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The responses of bacterial community and N2O emission to nitrogen input in lake sediment: Estrogen as a co-pollutant

Li, Yi, Sun, Yue, Zhang, Huanjun, Wang, Longfei, Zhang, Wenlong, Niu, Lihua, Wang, Peifang, Wang, Chao
Environmental research 2019
Acidobacteria, Actinobacteria, Aquabacterium, Bacillus (bacteria), Chloroflexi, Flavobacterium, Massilia, Pseudomonas, Sphingomonas, Sporacetigenium, ammonia monooxygenase, ammonium, aquatic ecosystems, bacterial communities, carbon, community structure, denitrification, denitrifying microorganisms, estradiol, eutrophication, genes, greenhouse gas emissions, hydroxylamine, lakes, nitrate reductase, nitrates, nitric oxide, nitrification, nitrite reductase, nitrogen, nitrogen cycle, nitrous oxide, nitrous oxide production, nitrous-oxide reductase, ribosomal RNA, sediments, sequence analysis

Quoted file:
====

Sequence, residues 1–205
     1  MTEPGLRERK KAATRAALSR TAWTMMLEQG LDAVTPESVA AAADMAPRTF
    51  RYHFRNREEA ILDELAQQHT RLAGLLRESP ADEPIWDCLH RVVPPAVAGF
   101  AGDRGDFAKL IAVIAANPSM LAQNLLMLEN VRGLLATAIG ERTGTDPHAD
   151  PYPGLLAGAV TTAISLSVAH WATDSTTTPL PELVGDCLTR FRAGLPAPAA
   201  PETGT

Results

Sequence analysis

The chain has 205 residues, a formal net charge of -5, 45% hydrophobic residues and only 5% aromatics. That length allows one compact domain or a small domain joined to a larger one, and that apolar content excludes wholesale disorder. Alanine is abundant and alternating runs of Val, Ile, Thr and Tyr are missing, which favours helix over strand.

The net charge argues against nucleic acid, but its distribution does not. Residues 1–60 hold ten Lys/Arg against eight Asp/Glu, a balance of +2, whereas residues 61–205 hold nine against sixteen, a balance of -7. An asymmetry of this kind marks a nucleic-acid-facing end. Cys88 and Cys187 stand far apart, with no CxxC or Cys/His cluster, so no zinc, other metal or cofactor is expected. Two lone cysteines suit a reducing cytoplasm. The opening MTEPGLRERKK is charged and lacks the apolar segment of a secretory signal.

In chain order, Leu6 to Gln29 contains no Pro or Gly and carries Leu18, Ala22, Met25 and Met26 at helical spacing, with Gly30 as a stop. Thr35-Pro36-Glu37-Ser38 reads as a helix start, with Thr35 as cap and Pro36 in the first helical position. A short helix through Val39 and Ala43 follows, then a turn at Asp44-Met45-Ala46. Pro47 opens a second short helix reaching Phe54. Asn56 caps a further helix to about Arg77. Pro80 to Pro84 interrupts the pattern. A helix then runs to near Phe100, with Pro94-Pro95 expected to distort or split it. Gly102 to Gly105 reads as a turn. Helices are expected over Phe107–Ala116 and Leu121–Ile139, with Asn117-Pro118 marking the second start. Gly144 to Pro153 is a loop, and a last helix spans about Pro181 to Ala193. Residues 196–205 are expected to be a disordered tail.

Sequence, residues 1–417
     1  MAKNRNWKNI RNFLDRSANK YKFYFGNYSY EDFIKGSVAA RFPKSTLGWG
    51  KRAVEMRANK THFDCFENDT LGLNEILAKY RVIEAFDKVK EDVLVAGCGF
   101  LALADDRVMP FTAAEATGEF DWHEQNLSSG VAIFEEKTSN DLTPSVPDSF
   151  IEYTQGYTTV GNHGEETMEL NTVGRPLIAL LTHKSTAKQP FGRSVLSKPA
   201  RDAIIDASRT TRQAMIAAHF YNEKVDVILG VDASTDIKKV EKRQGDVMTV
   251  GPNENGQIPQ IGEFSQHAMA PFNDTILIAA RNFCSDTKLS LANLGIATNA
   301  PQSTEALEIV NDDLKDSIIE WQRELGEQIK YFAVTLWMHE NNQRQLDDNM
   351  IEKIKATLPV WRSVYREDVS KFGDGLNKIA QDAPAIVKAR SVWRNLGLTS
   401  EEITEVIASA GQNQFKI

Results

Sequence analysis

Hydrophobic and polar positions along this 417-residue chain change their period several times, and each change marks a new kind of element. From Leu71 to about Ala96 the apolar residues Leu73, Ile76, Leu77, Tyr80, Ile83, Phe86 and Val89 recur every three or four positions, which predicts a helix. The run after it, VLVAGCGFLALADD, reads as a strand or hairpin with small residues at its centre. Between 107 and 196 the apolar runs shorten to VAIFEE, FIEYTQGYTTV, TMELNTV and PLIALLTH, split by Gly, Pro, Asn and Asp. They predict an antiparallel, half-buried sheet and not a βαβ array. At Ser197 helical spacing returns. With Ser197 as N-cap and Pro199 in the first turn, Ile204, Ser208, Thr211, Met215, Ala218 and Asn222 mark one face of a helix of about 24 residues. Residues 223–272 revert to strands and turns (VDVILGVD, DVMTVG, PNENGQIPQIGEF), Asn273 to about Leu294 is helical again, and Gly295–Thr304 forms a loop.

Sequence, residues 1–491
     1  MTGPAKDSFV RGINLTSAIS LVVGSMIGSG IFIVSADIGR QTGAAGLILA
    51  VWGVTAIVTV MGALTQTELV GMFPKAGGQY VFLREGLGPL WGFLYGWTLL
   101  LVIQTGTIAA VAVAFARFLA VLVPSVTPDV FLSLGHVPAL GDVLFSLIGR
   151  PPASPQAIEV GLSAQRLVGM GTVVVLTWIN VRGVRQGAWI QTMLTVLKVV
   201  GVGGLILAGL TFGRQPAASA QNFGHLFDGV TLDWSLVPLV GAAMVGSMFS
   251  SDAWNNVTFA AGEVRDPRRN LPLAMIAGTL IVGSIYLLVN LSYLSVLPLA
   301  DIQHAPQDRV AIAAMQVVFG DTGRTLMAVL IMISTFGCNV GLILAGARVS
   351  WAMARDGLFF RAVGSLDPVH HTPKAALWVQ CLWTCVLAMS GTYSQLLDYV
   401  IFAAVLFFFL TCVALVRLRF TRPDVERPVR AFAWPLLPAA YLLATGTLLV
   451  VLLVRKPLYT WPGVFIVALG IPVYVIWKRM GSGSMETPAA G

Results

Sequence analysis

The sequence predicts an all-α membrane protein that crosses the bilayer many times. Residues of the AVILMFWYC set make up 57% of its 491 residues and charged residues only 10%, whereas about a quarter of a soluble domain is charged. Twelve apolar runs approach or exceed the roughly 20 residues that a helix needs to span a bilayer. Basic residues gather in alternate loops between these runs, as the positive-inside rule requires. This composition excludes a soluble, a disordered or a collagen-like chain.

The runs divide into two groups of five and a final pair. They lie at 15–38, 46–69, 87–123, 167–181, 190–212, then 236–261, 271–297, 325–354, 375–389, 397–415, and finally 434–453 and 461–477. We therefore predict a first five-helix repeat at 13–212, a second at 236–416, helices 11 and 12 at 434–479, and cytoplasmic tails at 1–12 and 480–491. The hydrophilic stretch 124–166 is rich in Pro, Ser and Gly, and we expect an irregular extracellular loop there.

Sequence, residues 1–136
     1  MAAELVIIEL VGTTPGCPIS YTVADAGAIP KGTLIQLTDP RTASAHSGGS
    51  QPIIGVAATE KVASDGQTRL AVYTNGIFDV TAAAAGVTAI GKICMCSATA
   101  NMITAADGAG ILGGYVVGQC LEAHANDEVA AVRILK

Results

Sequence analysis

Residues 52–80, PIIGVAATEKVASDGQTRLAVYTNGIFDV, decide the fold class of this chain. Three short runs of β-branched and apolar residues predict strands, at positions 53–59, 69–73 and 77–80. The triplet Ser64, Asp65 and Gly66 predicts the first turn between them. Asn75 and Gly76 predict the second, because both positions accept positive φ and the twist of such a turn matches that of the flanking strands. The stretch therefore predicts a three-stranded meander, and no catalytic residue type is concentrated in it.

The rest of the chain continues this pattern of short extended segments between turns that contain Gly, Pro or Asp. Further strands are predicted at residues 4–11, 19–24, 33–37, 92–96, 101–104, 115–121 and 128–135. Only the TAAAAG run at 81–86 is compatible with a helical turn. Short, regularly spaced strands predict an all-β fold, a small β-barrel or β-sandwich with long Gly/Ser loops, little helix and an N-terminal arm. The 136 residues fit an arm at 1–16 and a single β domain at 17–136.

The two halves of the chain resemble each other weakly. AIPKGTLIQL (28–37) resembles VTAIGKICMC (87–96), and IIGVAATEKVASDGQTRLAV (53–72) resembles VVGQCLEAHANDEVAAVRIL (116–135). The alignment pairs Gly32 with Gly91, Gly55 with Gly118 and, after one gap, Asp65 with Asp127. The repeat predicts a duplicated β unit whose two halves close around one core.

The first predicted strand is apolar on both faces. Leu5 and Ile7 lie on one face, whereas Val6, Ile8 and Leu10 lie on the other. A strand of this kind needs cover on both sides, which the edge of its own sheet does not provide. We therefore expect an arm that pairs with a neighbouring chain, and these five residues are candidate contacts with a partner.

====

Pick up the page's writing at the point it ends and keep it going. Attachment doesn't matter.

Excessive nitrogen (N) input is one of the most important causative factors of lake eutrophication, which has aroused increasing public attention in past decades. Estrogen contamination is also an increasing environmental problem in aquatic systems around the world. Although both substances usually co-exist in aquatic ecosystems, many researches have only investigated the influences of either N or estrogen individually on sediment bacterial community and nitrous oxide (N2O) emission. Knowledge regarding the combined effects of N and estrogen is still very limited. In this study, a 30-day laboratory incubation experiment was performed to examine the impacts of different N sources (ammonium and nitrate) combined with 17β-estradiol (E2) on sediment bacterial community. High-throughput 16S rRNA gene sequencing technique was used and N2O emission was measured. The results revealed that the relative abundances of Proteobacteria and Bacteroidetes were higher in nitrate treatment than ammonium treatment. Compared to N treatments, N and E2 combined treatments showed higher relative abundances of Proteobacteria, Bacteroidetes, and Firmicutes, but lower relative abundances of Chloroflexi, Acidobacteria, and Actinobacteria over entire incubation period. At the genus level, the relative abundances of genera Flavobacterium, Pseudomonas, Arenimonas, Novosphingobium, Massilia, Aquabacterium, and Bacillus were enhanced by N treatments and especially N and E2 combined treatments, compared to sediment without addition of N and E2. However, the relative abundances of Sporacetigenium, Gaiella, Desulfatiglans, Nitrospira, and Haliangium were decreased in N treatments. Apart from the changes in bacterial community structure, N2O emission was also influenced by different treatments. Nitrate exerted a more significant positive effect on N2O emission than ammonium, and the cumulative emission of N2O was highest in nitrate and E2 combined treatment. Very low abundances of ammonia monooxygenase (amoA) gene and hydroxylamine oxidase (hao) gene were observed in sediments compared to other genes involved in N cycles (such as nitrate reductase (narG and napA) genes, nitrite reductase (nirB, nirK, and nrfA) genes, and nitric oxide reductase (norB) gene), implying that denitrification rather than nitrification played an important role in sediments. The abundances of napA, nirK, and norB were higher in N and E2 combined treatments, indicating that E2 might provide a carbon source for denitrifiers. Moreover, decrease in the abundance of nitrous oxide reductase (nosZ) gene during the denitrifying process in N and E2 combined treatment might be an important reason for increases of N2O emission. These results indicated that alterations of the bacterial community structure due to the co-existence of N and E2 could also change the abundances of genes involved in N cycle.